Things aren’t so hard. Still hard, yes, but not so hard. Positive change doesn’t seem impossible. Challenges don’t seem insurmountable. Calm and focus are not longer out of my reach. Yoga is not too difficult for me to enjoy. Prioritizing a balanced diet, sleep and rest is not making me miserable, behind with work or friendless. I am not alienating people by asking for what I need. I am not crippled by being honest with myself on the habits I need to change.
Things are better, I am healing and I am grateful.
I’m working, I’m focused, I’m doing yoga without issue other than that it’s challenging for my body, I’m ignoring things that aren’t important right now, I’m connecting, I’m planning ahead, I’m not pushing myself to do things “just because” or out of some unhealthy sense of obligation, I’m eating for fuel and nutrition and not to cope, I’m sleeping, I’m learning and I am so, so grateful for today <3.
Yesterday I completed the yoga session I had to stop in the middle because it was activating me. I’ve lost 2.5 lbs in 2 days. My resting heart rate is almost back down where I want it. I’m eating mindfully and not to cope. I’m drinking my water goals. I’m focusing on work deliverables and getting them out on a timeline I’m satisfied with. I’m saying no.
And this is in the middle of an emotionally challenging and physically tiring week. I’m taking a hard look at what I want and where I want to be and how I get there and who I get there with – and without.
I’m sitting and working on my laptop for long hours, I was in a three hour meeting last night and since I got back from the desert I’ve had very little time for things like cutting my nails and dealing with all of the sand that seems to be clogging my pores and cooking healthy meals. I’ve done those things anyway. I feel like I just have no time right now, which usually sends anxiety skyrocketing for me and freezes me. I’m still moving through my day, doing what I need to and doing things that take care of me, including sleeping and staying calm and reasoned instead of engaging with the thoughts that send anxiety skyrocketing out of control.
I quit drinking for now. It wasn’t a big decision, it just came up last night when I declined an offered drink because I decided I didn’t need that.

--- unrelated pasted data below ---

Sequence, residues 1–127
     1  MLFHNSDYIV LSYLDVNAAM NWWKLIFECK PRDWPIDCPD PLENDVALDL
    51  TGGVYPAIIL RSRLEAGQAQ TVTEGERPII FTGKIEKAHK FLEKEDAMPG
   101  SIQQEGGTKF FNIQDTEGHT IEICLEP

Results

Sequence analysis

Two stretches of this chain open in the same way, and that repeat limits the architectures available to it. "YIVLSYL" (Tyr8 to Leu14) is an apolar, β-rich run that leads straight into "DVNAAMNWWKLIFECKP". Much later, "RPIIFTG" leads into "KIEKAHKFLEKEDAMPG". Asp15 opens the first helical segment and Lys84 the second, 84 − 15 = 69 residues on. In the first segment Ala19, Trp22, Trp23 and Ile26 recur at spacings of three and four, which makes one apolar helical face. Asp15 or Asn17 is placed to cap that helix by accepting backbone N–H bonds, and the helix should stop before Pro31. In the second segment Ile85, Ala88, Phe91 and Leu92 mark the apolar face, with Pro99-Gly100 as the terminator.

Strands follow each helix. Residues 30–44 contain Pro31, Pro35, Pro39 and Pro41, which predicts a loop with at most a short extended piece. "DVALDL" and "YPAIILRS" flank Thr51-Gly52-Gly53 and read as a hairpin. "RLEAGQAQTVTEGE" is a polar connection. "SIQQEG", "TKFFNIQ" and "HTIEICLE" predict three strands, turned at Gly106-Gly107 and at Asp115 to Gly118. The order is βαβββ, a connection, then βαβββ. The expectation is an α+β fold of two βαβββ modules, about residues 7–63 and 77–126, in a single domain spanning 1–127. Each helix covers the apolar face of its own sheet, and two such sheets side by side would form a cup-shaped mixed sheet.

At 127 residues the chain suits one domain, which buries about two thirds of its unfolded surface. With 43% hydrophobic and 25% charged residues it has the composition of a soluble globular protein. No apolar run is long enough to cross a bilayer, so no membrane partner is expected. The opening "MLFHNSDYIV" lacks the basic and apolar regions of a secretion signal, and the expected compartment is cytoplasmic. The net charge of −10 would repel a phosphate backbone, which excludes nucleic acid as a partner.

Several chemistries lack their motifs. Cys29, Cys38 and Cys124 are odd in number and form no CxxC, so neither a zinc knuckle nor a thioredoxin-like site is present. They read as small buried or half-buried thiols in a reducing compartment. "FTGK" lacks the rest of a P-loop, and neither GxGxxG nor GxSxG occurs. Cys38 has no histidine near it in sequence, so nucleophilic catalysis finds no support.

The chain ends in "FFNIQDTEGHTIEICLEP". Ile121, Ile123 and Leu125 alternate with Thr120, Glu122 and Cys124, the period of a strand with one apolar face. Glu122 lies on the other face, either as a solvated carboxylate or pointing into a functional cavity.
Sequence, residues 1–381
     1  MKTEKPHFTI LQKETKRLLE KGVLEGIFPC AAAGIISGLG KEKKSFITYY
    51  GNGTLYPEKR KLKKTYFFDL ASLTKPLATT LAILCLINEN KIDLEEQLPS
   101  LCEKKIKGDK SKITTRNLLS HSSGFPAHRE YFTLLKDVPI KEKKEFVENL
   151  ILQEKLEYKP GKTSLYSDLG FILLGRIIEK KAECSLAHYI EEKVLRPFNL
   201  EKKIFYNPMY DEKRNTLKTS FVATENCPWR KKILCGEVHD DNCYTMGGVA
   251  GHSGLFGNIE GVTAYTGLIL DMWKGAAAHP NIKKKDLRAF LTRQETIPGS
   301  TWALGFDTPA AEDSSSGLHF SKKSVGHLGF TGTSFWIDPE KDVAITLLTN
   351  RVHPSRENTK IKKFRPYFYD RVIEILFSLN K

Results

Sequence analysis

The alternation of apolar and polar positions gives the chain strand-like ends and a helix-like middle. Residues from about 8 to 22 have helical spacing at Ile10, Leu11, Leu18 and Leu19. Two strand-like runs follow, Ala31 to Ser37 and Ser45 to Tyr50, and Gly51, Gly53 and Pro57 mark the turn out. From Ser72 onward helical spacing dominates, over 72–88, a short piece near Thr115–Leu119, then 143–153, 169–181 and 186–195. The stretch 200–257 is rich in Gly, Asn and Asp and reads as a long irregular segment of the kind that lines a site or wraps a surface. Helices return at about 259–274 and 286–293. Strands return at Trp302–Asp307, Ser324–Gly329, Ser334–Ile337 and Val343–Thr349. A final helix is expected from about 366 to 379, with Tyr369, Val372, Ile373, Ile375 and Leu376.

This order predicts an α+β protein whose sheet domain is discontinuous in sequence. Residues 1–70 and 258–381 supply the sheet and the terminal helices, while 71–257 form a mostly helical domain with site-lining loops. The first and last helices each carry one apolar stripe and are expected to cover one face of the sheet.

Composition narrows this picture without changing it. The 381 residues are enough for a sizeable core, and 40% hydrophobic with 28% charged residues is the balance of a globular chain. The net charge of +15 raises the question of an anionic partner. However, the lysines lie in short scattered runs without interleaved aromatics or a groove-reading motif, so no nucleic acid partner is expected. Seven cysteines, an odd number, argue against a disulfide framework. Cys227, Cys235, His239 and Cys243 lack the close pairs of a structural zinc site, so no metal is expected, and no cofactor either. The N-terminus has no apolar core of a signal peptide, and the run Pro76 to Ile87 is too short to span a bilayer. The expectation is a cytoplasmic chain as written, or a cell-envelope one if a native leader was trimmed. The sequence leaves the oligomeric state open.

Understanding that alcohol is a social lubricant for a lot of people made me realize I don’t have that need, and the benefit to me of not drinking is enough right now to make me lose interest. Practicing mindfulness is really starting to pay off.
I spent the entire Summer Solstice inside, and most of it in a dimly lit room. I’m grateful that I have so much room for improvement. Yoga was not helpful yesterday, it was activating. So I stopped.
I started listening to Brené Brown’s book The Power of Authenticity yesterday. She’s a shame researcher and a delightfully authentic human. In her work she’s found that we experience shame the same way we experience trauma, and I want to heal from shame as much as I want to heal from trauma. I’m starting to understand why they often go hand in hand.
I wanted to do a yoga session and thought that would be within my bandwidth today. 11 minutes in, I realized I was getting activated on my way to a trigger, I was hot and sweaty but not in an “I’m exercising” way, I wasn’t enjoying it and was actually starting to be rather miserable.
I wanted to push through, because yoga is supposed to be a good thing, it isn’t supposed to be activating, it’s supposed to help me connect to my body, I didn’t want to be a quitter, it wasn’t even a hard practice…also I am too fat to get into some of the poses, I can’t believe I can’t do this right now, I’ll never be able to get my life on track…
Ah. The shame gremlins she talked about. The thoughts that make me = bad and wrong and not good enough.
I stopped the session. Yoga wasn’t right for me yesterday. Maybe because I was in the process of learning about shame and realizing how much shame I feel about my body. Maybe because I needed more rest (I hiked for two hours the day before). Maybe because I needed to experience recognizing what is good for me and what is not good for me and acting on that for myself, not because someone else said that was the way to do it.